In 2014 I decided to hang up the project and take a break from music and to work on other musical styles I wanted to explore. After a long break my interest in revitalizing IOS was due to you, Philippe, thank you, and to Arvo Zylo (no part of it). Originally my submission to you – for Modulisme session 31 “Margins Of Error”, in 2020 – was to be issued as Soundoferror but I felt compelled to honor your request that it be as IOS.
A bit after that Arvo kept bugging me about my collaboration with Z’EV, which had been completed in 2012, and just sitting on the hard drive. Eventually it finally appeared as an album and CD with the collaboration of no part of it & a number of labels to make it happen. Between those two things, my interest was renewed to move forward again with more to say as IOS. Now I am interested to pursue both new modes and also return to old methods as IOS, moving back to technology and the impression we made from 1983-1990. I am less intent on pulling the rug out from under the music, less desire to shock and provoke in overt ways, I have better tolerance for long-form immersion, more ability to appreciate slow transformations, intention to not only provide an open narrative for every performance but to really listen myself, to get inside every sound and experience it in the moment. To immerse in a fever dream of alternative perceptions is always my goal. Originally I was calling our output Music Without A Film and I am returning to that organizing principle more and more, bringing back the sound and intent of what the project name has always signified for me: long form immersion into dark internal psychological soundtracks, encompassing and play with events in large spaces, loops, shortwaves, ominous synthesizer waves, controlled feedback, traditional instruments used in unconventional ways, and undefinable cryptic voices. The emphasis on play has always been present, these sounds, words, & ideas are fun to play with.
Would you like to go back to that period when you first discovered modular synthesis, the first stirrings, how it all took shape for you?
How were you first acquainted to Modular Synthesis? When did that happen and what did you think of it at the time?
How does it marry with your other « compositional tricks »?
Probably my first contacts were “Switched on Bach” and then “Silver Apples Of The Moon”. Those two really grabbed me, again this just a few years after being primed by the music & visual art of Kubricks’s 2001 I was ready for that. Later, mid 70’s, when I was doing a fair bit of psychedelics the Space music mentioned previously took hold of my consciousness.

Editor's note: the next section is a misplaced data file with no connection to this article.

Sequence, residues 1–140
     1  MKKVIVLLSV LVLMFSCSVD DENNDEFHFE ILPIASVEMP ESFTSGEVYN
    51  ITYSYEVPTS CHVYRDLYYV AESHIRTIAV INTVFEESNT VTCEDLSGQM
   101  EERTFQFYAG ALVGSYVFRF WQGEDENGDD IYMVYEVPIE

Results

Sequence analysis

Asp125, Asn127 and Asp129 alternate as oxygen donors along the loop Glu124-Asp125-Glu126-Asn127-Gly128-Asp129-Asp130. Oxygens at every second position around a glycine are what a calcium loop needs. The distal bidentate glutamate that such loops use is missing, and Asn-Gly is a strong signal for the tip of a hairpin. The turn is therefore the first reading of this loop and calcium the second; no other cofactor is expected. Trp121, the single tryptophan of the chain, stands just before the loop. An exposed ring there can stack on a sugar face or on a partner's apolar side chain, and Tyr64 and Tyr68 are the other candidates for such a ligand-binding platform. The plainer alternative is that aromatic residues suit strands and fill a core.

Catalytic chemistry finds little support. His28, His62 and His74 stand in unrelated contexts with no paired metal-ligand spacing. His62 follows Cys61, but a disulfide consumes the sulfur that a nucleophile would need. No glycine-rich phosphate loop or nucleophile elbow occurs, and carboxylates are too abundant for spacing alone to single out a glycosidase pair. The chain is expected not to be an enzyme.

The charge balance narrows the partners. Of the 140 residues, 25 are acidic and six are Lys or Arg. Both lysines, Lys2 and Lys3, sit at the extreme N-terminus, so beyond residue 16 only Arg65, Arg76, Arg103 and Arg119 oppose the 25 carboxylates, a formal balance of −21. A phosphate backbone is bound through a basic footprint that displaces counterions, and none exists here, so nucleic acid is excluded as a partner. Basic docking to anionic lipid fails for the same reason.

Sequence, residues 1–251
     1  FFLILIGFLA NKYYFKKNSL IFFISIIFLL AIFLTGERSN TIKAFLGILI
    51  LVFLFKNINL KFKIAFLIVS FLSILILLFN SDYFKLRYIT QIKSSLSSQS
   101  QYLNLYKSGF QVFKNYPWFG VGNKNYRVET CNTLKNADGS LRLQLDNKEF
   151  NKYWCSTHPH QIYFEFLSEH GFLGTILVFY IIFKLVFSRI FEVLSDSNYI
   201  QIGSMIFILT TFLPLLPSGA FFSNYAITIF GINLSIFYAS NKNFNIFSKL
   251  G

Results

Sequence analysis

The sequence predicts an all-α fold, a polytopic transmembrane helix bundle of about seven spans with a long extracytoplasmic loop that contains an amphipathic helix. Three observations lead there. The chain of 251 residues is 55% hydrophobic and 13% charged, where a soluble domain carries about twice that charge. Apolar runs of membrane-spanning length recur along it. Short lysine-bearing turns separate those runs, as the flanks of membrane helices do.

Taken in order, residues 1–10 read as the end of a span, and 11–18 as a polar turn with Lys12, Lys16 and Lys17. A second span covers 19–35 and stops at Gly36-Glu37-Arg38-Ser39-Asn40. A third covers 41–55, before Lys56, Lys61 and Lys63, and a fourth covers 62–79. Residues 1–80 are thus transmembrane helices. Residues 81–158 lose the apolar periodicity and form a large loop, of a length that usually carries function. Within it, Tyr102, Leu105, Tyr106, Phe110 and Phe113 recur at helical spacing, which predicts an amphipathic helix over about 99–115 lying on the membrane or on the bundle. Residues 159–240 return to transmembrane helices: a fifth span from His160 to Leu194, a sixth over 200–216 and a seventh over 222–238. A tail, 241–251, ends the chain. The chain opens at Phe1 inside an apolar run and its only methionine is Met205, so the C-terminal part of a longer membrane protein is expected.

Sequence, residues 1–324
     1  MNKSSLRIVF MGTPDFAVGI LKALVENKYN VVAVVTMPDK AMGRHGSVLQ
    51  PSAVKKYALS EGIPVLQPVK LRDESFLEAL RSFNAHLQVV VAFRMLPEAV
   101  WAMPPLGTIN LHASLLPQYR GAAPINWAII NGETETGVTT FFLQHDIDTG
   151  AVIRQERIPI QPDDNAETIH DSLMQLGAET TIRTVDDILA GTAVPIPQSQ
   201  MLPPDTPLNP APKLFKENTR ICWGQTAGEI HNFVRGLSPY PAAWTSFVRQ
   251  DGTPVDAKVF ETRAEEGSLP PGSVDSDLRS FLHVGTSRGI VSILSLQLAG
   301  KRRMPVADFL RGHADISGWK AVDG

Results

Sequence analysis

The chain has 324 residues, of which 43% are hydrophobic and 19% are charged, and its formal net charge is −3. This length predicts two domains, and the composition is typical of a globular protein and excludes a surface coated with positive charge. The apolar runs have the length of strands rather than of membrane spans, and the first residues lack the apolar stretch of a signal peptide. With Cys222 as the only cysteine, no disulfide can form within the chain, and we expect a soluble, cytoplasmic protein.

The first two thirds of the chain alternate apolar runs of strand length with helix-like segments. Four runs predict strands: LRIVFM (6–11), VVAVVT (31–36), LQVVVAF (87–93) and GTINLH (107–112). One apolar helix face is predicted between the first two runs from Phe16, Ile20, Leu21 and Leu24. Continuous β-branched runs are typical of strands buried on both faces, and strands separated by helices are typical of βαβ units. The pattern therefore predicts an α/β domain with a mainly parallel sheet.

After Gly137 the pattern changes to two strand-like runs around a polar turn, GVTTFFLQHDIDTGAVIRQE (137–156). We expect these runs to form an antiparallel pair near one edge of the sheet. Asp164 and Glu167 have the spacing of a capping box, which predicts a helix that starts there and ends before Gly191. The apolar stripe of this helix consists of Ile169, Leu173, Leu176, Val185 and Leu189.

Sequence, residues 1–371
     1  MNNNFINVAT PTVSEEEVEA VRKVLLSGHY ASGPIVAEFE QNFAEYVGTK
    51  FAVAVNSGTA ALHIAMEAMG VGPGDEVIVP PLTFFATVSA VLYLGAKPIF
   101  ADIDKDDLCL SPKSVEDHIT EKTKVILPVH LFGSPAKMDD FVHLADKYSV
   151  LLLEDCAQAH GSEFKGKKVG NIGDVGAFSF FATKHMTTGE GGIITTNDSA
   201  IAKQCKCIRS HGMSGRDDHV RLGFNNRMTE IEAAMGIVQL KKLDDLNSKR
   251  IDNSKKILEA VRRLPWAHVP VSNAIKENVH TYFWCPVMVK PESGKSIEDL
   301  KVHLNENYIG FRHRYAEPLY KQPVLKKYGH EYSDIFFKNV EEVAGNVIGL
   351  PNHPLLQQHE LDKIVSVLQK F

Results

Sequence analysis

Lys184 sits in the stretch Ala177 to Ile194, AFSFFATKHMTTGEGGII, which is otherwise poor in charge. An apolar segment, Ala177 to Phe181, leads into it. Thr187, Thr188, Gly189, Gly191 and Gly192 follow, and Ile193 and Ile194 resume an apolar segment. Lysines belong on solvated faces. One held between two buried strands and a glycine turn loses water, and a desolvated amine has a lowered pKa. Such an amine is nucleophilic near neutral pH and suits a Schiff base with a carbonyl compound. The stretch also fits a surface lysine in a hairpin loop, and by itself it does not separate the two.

Using modular is a linear process of discovery, enjoyable in the moment exploring a patch and tweaking until something resonates. When the time is right, recording some takes and later – in my case almost always – plenty of editing, mixing, adding and subtracting. My compositional approach with all music, really with any art form (music, photo, video), is a layered collaging process almost always. Recently more traditional composition approaches have become interesting for me.
Your compositional process is also based upon the use of acoustic instruments that you process or combine with Electronic. How do you work to marry that Electronic with your acoustic matiere?
I actually want to focus on that marriage more and I will at some point, especially in regard to extended techniques with piano and guitar with modular.
I originally bought my first Eurorack system to process guitar but still have yet to focus and return to this. There always is an element of attempting to mix and blend as many sources and inspirations into most releases and performances so I use what is at hand and try to keep performance and composition flowing and seemless, to integrate the sources (instruments/tools) and sonic content into a coherent satisfying story.
When did you buy your first system?
The first synth was a Crumar DS-2, then a Moog Source. System flirtation came at visiting Serge HQ on Haight Street (1979?), I had a tour and demo of a very large system there, a real shame I didn’t buy any.
Later before he moved to Japan Jim offered to sell me his modular collection, foolishly I didn’t even check them out.